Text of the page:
Just Who Was Anne Lowe?
The Jan. 3, 2009 New York Daily News reported that conservative Ann Coulter’s new book, “Guilty: Liberal ‘Victims’ and their Assault on America,” attacks Michelle Obama and her style of dress. Coulter states, “Her obvious imitation of Jackie O’s style — the flipped-under hair, the sleeveless A-line dresses, the short strands of fake pearls — would have been laughable if done by anyone other than a media-designated saint.”
I’m going to be honest, I did not read the book, but the media has been having a wild time with this alleged comment.
As usual, this made me think. You know, I don’t believe Jacqueline Kennedy was the first woman to wear her hair in a flip, or strands of tasteful pearls and a straight sheath. And, I do not believe our new first lady imitates her or anyone else for that matter. Her inspiration could have come from a number of women, i.e., Coretta Scott King, Lena Horne, Audrey Hepburn; any woman with classic taste and style.
Snide remarks from Coultergeist aside, I pondered history once again, snooping into the dark secrets and folklore of the African American. It was typical and common for white women to adopt style ideas from women of color without giving them credit. Elizabeth Keckley had been a slave for 30 years, and then lived in the White House for four as Mary Todd Lincoln’s personal seamstress and confidante. Keckley designed Mrs. Lincoln’s inaugural gown.
A trailblazer in fashion whose name has fallen through the cracks of history is Anne Lowe. Born in Alabama in 1898, Ms. Lowe was the daughter and granddaughter of celebrated seamstresses who were known for sewing for the first ladies of Alabama. Anne’s mother passed away suddenly when Anne was 16, forcing her to complete her mother’s unfinished needlework for the governor’s wife.
Anne enrolled in S.T. Taylor Design School in New York. Although she was ignored and avoided by white classmates, she concentrated on her work. Moving to Tampa, Fla., she opened a small studio there, then returned to New York where she worked as a commissioned designer for some of the major houses in the Fashion District. The houses took all the credit, and Anne’s name was never mentioned. She pressed on, and soon she was designer to society’s top families, such as the du Ponts, Roosevelts, Vanderbilts, Rockefellers, and notably, she designed and made the gown actress Olivia de Haviland wore when she received her Oscar for “To Each His Own.”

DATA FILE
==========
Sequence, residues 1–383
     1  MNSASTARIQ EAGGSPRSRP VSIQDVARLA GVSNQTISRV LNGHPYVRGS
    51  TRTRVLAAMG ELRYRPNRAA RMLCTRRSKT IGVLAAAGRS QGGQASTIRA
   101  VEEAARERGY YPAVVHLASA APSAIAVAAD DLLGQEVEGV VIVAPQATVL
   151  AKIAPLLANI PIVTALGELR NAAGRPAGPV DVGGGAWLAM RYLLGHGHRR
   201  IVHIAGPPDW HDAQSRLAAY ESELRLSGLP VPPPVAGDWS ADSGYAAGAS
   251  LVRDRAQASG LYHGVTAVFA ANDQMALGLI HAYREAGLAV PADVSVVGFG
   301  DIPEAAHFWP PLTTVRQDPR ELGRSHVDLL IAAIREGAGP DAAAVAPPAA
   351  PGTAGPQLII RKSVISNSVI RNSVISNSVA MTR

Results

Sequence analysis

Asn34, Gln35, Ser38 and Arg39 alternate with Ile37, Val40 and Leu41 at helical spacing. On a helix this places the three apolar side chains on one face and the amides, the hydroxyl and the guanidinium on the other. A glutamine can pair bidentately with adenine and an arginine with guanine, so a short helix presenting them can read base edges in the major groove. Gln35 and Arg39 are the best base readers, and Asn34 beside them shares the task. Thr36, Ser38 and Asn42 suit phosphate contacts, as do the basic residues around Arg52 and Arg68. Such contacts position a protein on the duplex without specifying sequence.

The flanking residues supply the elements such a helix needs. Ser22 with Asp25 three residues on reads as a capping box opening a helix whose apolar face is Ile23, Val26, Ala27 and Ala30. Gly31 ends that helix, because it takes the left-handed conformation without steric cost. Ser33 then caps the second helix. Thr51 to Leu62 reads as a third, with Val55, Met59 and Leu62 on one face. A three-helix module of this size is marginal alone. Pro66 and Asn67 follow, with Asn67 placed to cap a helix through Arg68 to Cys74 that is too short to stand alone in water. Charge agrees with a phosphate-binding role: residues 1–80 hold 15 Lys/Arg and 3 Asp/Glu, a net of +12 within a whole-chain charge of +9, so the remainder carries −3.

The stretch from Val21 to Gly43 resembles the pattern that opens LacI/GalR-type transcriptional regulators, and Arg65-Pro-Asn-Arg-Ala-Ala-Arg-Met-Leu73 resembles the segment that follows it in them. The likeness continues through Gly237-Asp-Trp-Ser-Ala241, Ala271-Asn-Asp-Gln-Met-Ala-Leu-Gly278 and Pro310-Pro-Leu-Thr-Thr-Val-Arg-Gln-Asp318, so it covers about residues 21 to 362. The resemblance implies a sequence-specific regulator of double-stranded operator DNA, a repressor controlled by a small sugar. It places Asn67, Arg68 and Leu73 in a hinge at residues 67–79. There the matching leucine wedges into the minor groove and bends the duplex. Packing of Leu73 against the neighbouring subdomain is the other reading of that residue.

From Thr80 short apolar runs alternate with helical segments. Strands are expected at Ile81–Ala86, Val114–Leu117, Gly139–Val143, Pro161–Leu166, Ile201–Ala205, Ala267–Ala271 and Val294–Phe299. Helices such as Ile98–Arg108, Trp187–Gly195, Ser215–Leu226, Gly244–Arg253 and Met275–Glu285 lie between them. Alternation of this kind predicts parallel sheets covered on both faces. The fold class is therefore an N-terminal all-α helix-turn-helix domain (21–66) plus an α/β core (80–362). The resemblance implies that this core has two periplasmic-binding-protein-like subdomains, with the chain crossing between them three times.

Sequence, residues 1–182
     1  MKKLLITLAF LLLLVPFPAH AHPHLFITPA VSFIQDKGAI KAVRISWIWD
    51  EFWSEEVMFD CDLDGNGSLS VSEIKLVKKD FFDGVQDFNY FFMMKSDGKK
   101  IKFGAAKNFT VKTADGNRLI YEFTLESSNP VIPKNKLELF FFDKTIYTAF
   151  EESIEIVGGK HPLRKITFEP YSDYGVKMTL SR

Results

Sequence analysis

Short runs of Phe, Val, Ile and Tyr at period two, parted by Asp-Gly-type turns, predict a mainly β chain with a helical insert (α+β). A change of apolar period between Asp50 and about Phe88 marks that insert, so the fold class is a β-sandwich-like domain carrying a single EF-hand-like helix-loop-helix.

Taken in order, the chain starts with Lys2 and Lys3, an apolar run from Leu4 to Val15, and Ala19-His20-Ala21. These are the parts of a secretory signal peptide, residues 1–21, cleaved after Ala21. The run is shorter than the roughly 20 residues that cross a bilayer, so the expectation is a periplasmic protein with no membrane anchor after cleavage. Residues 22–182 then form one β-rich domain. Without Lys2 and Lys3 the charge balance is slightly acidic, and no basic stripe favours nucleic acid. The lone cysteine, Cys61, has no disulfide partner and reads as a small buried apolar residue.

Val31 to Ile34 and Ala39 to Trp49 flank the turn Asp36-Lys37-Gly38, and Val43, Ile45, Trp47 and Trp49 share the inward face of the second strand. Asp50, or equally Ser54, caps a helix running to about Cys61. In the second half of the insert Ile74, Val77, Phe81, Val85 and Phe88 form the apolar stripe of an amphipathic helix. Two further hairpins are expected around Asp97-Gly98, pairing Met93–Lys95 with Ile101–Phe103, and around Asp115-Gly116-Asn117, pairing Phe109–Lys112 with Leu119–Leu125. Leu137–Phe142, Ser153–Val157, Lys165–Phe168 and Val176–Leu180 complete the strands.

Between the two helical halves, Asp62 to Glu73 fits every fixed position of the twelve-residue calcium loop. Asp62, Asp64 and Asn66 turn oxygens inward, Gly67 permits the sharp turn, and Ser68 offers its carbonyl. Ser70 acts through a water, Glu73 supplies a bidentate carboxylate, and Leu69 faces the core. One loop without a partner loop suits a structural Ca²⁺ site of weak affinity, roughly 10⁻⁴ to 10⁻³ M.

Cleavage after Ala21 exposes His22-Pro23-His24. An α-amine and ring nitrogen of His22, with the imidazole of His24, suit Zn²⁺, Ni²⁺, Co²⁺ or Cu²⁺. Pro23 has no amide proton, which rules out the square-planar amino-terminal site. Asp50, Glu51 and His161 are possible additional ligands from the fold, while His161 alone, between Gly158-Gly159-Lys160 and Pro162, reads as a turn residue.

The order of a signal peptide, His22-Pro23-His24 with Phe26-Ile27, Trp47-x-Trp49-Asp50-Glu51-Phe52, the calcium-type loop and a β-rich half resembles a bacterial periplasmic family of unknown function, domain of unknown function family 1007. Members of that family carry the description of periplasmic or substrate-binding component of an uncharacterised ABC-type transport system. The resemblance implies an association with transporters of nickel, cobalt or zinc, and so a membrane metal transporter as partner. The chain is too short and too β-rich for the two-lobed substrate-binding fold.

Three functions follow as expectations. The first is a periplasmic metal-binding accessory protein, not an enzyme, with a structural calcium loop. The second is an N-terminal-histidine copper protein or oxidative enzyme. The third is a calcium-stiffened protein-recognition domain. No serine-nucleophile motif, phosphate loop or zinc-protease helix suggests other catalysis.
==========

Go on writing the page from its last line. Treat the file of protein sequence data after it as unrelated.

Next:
“Ann Lowe was known as society’s best kept secret…You would have thought her clothing was Parisian couture, but she charged much less to create the same thing. They all went to her for their debutante balls and weddings.” Michael Henry Adams.
Anne Lowe’s quiet claim to fame, however, was the wedding gown she designed for Jacqueline Bouvier in 1953, when she married John F. Kennedy. Ms. Lowe was also commissioned to make the 10 pink bridesmaid’s gowns and hats. In an effort to promote Sen. Kennedy’s imminent political career, the wedding received high recognition, the designer’s name was left out of most newspapers. Nina Hyde, social, fashion editor of the Washington Post at the time, stated “… the dress was designed by a Negro, Ann Lowe.”
It is said that Jackie did not care for the dress because it was not her style, preferring more simple lines. The dress consisted of 50 yards of ivory silk taffeta, with a full bouffant skirt had interwoven tucking bands and tiny wax flowers. It took Anne two months to make. Her skill as an ultimate professional was put to the test when 10 days prior to the wedding a water line broke, flooding the store and ruining the gown. Nevertheless, Ms. Lowe worked around the clock and recreated the gown and all 10 dresses. Fate would dictate that Jackie would wear the dress anyway.
Anne Lowe’s luck began to fade. She was not very good with record keeping, and in 1962, her New York salon was seized by the IRS while she was undergoing surgery to remove an eye due to glaucoma. When she was released from the hospital, she learned that her debt had been paid by an anonymous benefactor. Could it have been the first lady?
Still going strong in her 70’s, she opened a store inside Saks Fifth Ave, then her own salon, Anne Lowe Originals, on Madison Ave, making over 2,000 dresses for New York’s society. She was awarded the Couturier of the Year Plaque and appeared in the National Social Directory and the 1968 Who’s Who of American Women.
Known for her trapunto work, a detailed needle technique, Anne Cole Lowe’s fashions can be seen in a permanent collection at the New York Metropolitan Museum of Art, Washington D.C.’s Black Fashion Museum, and the Smithsonian. In 1997, the John F. Kennedy Library & Museum had the Textile Conservation Center of the American Textile History Museum in Massachusetts to restore the Kennedy gown. Ms. Lowe died in 1981 at the age of 83.
I wonder had Ms. Lowe been alive today, would she have been as famous and wealthy as Vera Wang? Would Mrs. Obama be a fan? And, what would Ms. Coulter think of her?
You can learn more about Anne Lowe and other notable African American fashion mavericks in “Threads of Time, The Fabric of History: Profiles of African American Dressmakers and Designers, 1850 to Present,” by Rosemary Reed Miller.